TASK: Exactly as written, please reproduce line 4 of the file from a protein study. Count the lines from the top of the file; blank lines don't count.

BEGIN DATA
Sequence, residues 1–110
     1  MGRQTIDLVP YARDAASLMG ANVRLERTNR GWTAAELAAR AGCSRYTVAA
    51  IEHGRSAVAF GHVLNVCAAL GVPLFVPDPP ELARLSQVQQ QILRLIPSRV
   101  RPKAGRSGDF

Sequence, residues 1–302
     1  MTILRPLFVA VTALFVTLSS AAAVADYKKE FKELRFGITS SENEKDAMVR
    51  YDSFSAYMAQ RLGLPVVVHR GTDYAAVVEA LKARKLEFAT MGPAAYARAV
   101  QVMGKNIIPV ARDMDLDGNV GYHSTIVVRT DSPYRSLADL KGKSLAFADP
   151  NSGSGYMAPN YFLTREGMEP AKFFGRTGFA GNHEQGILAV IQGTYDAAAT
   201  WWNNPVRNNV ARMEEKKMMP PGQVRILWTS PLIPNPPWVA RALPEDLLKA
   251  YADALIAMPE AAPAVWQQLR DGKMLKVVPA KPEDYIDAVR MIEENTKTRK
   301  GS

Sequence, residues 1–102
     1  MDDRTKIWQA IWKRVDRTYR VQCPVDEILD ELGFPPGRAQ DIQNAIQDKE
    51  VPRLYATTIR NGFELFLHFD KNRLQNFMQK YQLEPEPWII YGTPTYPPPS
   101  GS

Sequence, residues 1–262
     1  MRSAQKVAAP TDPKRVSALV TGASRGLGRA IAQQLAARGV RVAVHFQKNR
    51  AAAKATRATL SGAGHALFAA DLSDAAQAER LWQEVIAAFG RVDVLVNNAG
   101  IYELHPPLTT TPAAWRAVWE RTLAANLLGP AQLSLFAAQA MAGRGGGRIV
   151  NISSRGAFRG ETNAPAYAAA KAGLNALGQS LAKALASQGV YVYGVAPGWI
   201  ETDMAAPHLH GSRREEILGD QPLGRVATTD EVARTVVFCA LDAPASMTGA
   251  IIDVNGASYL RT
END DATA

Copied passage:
   101  RPKAGRSGDF